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24 August 2010Zilvinas Bareisis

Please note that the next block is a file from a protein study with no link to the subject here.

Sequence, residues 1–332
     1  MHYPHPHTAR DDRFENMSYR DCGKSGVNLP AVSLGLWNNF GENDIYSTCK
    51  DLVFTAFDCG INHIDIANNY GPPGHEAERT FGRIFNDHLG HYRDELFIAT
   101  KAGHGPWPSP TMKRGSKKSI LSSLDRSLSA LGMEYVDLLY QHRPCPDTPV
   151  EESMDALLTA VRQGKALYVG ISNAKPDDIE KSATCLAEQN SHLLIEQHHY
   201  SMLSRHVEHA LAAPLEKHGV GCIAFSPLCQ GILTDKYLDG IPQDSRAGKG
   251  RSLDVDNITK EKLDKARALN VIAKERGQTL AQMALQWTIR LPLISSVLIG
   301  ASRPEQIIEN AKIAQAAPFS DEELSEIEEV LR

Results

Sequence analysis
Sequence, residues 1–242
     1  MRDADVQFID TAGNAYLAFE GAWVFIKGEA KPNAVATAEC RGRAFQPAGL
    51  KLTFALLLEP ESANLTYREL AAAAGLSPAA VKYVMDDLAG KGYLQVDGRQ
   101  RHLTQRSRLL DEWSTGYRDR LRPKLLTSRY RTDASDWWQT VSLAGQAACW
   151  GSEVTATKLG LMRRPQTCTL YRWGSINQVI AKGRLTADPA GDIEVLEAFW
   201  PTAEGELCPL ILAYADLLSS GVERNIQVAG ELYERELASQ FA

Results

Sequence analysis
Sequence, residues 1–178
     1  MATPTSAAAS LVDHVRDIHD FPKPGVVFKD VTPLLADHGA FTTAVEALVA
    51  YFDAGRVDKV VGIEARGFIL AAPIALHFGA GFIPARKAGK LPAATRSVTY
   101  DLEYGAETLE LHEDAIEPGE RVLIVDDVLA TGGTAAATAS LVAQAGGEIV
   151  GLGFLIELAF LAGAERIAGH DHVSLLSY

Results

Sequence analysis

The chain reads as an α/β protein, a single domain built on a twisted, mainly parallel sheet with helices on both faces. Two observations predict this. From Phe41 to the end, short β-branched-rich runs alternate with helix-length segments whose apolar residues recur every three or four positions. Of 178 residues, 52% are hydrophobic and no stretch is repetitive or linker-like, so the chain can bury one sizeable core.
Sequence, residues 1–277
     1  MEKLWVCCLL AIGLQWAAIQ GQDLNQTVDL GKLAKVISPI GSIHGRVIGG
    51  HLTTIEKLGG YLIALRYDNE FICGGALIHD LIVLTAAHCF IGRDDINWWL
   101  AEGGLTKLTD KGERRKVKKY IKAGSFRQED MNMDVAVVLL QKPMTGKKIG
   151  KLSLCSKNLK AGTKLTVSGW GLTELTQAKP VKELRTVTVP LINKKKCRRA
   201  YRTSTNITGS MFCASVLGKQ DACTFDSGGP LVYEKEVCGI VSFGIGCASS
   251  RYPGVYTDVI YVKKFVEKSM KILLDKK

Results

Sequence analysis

In the last couple of weeks, there have been a few announcements in the US and the UK about new ways to pay for e-commerce goods - via your online bank account. SafetyPay announced its formal entry to the US market and eWise, a company behind Secure Vault Payments in the US, announced a partnership with the UK's VocaLink to develop a similar offering. They both promote a payment method, which takes the customer from an online merchant site to the customer's online banking site, from which the customer can make a payment to the merchant. The attraction to the customer is that they don't have to disclose the card details and they are safe in the knowledge that their payment has been authenticated by their bank. The merchant receives a guaranteed payment and in return pays a processing fee, which is shared between the payment provider and the bank. Such payments are reasonably well established outside of the US and UK - iDeal in the Netherlands and giropay in Germany are just two very popular examples. So, surely, the US and the UK must be ripe for these types of payments? I am not so sure though. I think these solutions will face a two-fold challenge: 1. Consumer adoption. Both the US and the UK have well established card markets, both debit and credit. Add PayPal into the mix and the consumer has a decent range of payment options online. Will they trust another unknown brand, even if it's backed up by their bank? Just as some might be reluctant to enter the card details online, will they find it equally unnerving to type in their online banking credentials based on a link generated by an unknown online merchant? And will they find the whole process more convenient than paying by card? I doubt it... 2. Bank adoption. iDeal succeeded because the Dutch domestic debit card (PIN) had zero interchange and most of the cards could not be used online. Here, the new providers will have to convince the banks that it's a good idea to cannibalise their card interchange fees for an alternative revenue source. Having said that, in the post-Frank-Dodd act world, these alternative revenues might actually be quite attractive. I would love to hear your thoughts on this. What do you think about payments online and specifically these new products?